(Last Updated on : 28-01-2009)
The period of history between classical antiquity and the Italian Renaissance, marked the beginning of the Dutch trade with Asia. Initially the Dutch purchased Indian goods from Portugal and sold them all over Northern Europe. In course of time, the Dutch too wanted to trade directly with Asia. During those days the Portuguese were powerful in India. Hence, in Asia, the Dutch initially traded with the Indonesian islands of Java and Sumatra and the Spice Islands where the spices were produced.
After the establishment of the Dutch East India Company, in 1609-10, the Dutch developed a factory at Pulicat near Madras. In 1616, the Dutch established themselves at Surat in Gujarat. Later, the Dutch turned out the Portuguese from the Malay Straits and the Indonesian islands. In 1623, defeated the English attempts to establish their base there. In 1658, the Dutch conquered Ceylon from the Portuguese. Between 1661 and 1664, the Dutch captured all the Portuguese settlements in Malabar or Kerala on the west coast. By 1664, the Dutch also possessed factories at Musalipatctm in Andhra and other places like Nagapattinam (Tamil Nadu) on the Coromandel Coast, at Hooghli, Cossimbazar and Dacca in Bengal, at Patna in Bihar and at Surat and Ahmedabad in Gujarat and at Agra in Uttar Pradesh. With all these provinces under their administration, the Dutch established themselves in India.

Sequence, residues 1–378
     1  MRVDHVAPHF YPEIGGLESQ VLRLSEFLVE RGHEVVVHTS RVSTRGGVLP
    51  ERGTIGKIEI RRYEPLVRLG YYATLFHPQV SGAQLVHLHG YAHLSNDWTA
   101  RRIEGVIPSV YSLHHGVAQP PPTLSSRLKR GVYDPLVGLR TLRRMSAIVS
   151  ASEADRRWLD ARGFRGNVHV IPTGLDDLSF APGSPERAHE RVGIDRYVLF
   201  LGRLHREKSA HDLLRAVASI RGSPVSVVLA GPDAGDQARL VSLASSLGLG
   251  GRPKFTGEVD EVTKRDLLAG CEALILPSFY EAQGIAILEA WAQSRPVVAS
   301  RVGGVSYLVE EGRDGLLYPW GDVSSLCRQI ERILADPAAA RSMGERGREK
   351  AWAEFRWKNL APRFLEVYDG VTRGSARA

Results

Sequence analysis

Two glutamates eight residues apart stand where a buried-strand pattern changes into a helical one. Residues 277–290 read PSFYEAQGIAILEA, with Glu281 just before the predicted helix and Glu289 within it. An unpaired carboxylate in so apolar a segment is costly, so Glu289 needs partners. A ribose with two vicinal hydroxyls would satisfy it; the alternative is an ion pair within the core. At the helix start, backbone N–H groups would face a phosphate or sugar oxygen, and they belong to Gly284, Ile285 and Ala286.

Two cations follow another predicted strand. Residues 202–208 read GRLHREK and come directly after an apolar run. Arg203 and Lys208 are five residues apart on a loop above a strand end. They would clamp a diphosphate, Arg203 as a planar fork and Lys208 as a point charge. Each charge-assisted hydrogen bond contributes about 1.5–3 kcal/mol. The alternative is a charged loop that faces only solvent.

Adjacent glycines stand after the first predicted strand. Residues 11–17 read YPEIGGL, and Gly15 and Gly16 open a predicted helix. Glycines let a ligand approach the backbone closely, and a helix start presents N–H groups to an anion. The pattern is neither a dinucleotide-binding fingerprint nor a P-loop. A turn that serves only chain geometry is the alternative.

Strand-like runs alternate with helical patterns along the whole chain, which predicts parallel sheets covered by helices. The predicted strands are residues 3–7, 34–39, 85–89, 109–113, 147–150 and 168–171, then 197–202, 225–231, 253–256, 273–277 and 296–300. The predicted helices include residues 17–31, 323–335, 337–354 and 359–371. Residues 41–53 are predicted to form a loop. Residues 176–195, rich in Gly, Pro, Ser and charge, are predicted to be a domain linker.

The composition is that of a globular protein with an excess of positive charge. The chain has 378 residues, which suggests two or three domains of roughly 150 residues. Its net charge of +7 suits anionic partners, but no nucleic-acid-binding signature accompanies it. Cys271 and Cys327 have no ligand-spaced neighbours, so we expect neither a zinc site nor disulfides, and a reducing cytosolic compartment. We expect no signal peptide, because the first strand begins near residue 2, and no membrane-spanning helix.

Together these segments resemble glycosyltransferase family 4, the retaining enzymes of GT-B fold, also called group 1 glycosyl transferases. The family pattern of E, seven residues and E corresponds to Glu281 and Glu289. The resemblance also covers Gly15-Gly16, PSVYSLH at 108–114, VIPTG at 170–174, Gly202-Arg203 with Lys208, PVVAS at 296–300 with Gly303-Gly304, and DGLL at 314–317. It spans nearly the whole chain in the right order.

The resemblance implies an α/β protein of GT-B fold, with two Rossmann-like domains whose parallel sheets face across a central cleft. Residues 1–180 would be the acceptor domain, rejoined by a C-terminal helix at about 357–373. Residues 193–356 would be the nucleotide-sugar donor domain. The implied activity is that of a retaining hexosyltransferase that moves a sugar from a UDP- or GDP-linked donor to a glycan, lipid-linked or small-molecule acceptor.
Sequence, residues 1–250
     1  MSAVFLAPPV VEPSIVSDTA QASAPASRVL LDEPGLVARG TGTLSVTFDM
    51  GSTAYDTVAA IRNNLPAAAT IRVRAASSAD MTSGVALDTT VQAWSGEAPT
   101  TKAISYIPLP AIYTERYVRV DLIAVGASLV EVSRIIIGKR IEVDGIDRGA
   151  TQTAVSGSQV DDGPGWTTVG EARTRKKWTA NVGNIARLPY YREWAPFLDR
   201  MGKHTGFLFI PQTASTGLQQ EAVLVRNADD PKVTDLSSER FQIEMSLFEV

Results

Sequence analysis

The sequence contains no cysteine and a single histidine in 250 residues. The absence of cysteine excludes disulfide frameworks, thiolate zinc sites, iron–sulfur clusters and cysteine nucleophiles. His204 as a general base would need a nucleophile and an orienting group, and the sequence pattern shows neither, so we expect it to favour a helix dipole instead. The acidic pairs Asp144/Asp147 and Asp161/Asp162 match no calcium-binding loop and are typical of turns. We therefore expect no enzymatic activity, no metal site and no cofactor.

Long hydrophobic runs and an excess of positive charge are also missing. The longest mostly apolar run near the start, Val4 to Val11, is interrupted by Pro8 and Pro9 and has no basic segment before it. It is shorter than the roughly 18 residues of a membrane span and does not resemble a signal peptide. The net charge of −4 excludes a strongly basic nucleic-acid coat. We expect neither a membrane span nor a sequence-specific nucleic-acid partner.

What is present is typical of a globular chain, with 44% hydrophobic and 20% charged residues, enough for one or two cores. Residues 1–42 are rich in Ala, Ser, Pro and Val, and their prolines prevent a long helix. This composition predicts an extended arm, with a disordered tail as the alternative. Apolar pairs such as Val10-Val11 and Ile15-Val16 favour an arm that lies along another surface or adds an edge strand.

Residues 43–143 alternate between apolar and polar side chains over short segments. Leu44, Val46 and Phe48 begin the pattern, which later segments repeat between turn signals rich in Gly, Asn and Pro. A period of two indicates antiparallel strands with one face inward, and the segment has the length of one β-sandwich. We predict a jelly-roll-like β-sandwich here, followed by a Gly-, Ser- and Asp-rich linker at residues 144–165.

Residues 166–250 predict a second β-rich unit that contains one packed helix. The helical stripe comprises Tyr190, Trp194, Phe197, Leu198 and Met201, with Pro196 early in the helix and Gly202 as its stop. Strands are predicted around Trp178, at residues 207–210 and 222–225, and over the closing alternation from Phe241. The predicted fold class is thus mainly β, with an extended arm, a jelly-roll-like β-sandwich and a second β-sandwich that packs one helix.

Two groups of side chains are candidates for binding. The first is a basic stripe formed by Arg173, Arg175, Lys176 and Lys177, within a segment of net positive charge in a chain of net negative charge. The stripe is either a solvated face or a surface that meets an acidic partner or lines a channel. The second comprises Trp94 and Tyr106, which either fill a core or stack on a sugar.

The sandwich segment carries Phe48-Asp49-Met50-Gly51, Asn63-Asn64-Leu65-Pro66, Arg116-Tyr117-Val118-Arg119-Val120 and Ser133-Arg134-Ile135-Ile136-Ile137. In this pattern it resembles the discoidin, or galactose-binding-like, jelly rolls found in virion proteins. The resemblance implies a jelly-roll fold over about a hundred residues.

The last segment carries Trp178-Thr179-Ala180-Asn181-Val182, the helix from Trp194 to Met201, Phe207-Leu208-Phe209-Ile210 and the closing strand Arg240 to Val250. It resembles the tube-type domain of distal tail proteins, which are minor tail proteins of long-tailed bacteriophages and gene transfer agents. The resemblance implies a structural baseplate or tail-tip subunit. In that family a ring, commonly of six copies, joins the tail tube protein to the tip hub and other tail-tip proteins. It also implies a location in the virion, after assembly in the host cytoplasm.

Some of the Dutch exports from India were indigo, raw silk, cotton textiles, saltpetre and opium. In 1659, the English defeated the Dutch settlement at Chinsura. Slowly, the English captured all the Dutch possessions in South India.Like the Portuguese, Danes, French and English, the Dutch too minted special coins for use within their Indian territories. These Dutch coins are generally called Indo-Dutch coins.